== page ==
Jakarta Globe | February 04, 2013
Though stories about Indonesian migrant workers in Saudi Arabia usually concern abuse and poor wages, one maid flipped the usual script and struck it rich in the oil-soaked kingdom.
Virtually coinciding with President Susilo Bambang Yudhoyono’s arrival in Riyadh on Sunday, Almadinah, a local news outlet, reported that an Indonesian maid inherited 110 million Saudi riyals ($29 million) from her late Saudi husband.
Almadinah said on Saturday that the maid, whose name was not disclosed, received her fortune in line with her husband Ali Ayami’s will and Islamic law, according to Antaranews.com.
Ayami’s family, the Arabic language newspaper said, initially gave the widow 20 million riyals after her husband died. However, she later received an additional 90 million riyals after his assets were sold.
Yunus M. Yamani, the head of the ethics division at the Association of Migrant Worker Service Companies (Apjati), stated that it was good news that an Indonesian maid could be so fortunate.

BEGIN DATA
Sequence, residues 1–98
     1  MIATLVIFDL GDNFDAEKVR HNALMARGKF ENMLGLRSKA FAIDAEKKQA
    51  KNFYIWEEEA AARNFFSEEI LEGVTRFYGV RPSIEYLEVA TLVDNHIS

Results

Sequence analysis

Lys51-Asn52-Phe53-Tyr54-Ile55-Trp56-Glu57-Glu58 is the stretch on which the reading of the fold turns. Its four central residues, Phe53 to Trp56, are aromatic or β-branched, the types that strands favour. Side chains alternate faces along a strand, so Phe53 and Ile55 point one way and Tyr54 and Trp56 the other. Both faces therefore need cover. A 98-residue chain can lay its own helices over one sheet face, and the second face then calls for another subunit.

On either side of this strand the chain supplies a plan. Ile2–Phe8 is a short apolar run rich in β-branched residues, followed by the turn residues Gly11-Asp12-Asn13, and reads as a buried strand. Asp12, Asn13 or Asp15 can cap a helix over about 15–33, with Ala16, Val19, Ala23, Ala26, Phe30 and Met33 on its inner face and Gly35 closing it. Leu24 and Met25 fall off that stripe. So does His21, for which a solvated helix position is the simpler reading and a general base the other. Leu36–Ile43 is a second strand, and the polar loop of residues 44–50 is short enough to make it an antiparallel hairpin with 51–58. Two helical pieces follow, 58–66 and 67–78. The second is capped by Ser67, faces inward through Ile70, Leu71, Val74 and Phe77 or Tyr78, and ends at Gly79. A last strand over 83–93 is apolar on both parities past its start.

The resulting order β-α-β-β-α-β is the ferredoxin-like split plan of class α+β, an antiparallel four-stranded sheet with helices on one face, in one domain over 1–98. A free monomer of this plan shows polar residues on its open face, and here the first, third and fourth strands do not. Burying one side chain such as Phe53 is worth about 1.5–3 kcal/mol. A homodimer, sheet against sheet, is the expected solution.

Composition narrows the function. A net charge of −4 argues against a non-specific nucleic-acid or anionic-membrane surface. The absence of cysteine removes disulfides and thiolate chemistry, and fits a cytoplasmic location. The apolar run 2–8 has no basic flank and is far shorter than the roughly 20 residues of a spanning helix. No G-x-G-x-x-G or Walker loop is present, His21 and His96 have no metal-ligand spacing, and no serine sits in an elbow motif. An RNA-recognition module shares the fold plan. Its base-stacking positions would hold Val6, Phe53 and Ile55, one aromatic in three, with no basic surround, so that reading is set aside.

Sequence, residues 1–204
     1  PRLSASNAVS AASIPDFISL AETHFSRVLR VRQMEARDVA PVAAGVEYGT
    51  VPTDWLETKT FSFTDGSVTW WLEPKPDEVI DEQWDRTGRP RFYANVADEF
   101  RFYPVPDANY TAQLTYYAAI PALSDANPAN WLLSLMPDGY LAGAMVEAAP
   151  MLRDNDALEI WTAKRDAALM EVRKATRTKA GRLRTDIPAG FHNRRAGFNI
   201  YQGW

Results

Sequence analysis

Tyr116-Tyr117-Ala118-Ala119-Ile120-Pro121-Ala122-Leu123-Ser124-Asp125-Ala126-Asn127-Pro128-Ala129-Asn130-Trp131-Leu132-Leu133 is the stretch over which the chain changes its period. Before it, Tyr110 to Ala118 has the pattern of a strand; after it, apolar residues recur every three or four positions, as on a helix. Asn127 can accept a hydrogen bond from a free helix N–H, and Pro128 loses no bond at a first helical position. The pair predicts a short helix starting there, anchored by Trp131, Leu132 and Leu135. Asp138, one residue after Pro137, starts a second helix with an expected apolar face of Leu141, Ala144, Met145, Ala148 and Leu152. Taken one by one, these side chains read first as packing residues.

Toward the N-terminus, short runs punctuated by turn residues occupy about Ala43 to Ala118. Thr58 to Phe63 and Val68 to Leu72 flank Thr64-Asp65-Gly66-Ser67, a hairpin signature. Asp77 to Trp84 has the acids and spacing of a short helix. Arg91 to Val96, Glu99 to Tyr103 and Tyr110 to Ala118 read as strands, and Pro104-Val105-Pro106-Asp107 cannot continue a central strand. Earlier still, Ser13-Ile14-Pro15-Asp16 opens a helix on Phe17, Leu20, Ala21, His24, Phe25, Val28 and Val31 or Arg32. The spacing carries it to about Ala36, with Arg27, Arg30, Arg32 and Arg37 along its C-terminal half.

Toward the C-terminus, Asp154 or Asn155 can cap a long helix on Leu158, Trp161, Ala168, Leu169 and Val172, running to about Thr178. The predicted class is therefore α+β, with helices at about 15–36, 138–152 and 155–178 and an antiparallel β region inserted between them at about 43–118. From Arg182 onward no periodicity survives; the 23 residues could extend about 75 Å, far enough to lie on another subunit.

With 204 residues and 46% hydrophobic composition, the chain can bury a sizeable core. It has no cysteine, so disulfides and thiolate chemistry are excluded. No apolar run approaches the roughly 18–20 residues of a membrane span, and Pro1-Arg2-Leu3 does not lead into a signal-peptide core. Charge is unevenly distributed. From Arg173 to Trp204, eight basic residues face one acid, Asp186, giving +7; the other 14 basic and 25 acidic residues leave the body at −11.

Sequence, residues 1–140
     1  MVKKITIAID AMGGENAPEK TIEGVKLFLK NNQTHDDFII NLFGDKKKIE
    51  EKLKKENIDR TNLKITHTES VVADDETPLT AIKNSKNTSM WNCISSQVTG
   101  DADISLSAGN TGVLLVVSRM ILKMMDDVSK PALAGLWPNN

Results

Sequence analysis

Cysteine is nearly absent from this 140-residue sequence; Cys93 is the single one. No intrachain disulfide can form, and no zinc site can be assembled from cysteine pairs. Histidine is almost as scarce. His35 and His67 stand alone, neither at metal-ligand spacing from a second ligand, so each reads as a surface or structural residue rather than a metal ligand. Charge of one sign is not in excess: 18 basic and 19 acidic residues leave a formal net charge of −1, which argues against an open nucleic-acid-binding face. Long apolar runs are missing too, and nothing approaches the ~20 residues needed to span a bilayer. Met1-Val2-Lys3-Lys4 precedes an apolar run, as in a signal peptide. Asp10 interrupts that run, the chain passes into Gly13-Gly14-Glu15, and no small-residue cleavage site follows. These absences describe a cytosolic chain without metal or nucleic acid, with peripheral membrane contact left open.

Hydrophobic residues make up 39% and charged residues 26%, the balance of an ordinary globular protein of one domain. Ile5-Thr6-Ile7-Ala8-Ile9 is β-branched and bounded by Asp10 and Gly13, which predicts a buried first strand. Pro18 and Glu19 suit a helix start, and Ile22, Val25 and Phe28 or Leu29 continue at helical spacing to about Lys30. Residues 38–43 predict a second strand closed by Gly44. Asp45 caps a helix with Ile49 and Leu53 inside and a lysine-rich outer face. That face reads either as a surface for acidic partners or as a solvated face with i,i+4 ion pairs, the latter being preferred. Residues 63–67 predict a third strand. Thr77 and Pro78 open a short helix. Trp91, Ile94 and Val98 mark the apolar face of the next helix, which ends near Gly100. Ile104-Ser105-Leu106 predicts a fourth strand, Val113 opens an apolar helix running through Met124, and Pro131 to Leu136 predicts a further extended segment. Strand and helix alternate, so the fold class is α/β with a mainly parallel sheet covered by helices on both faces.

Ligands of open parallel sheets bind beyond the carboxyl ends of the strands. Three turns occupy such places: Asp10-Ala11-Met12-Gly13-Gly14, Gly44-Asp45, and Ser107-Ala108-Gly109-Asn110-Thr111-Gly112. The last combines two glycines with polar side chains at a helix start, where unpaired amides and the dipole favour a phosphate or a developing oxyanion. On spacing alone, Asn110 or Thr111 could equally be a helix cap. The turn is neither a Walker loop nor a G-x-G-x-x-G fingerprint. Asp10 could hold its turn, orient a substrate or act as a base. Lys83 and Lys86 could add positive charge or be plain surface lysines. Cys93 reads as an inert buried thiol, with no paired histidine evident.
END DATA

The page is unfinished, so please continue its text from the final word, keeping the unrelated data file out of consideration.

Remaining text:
“Actually, we have many positive stories about our migrant workers in Saudi Arabia — it is not only about them being tortured. Millions of them have managed to help their families at home by sending money they earn [in Saudi Arabia] back,” he said as quoted by Antaranews.com.
Many Indonesian domestic workers have reportedly experienced violence and torture in the desert kingdom.
In 2010, Migrant Care recorded 5,560 reports of physical and sexual abuse among foreign workers in Saudi Arabia alone, including two cases where a maid jumped from a third floor apartment to escape torture, and another where a body was found in a dumpster.
Following several reported cases of maltreatment and violent abuse, Indonesia stopped sending maids to Saudi Arabia in early 2011 after an Indonesian worker was beheaded after being convicted of murdering her Saudi employer.
Yudhoyono reportedly traveled to Riyadh to sign an agreement to once again allow Indonesian maids to be recruited by Saudi Arabia.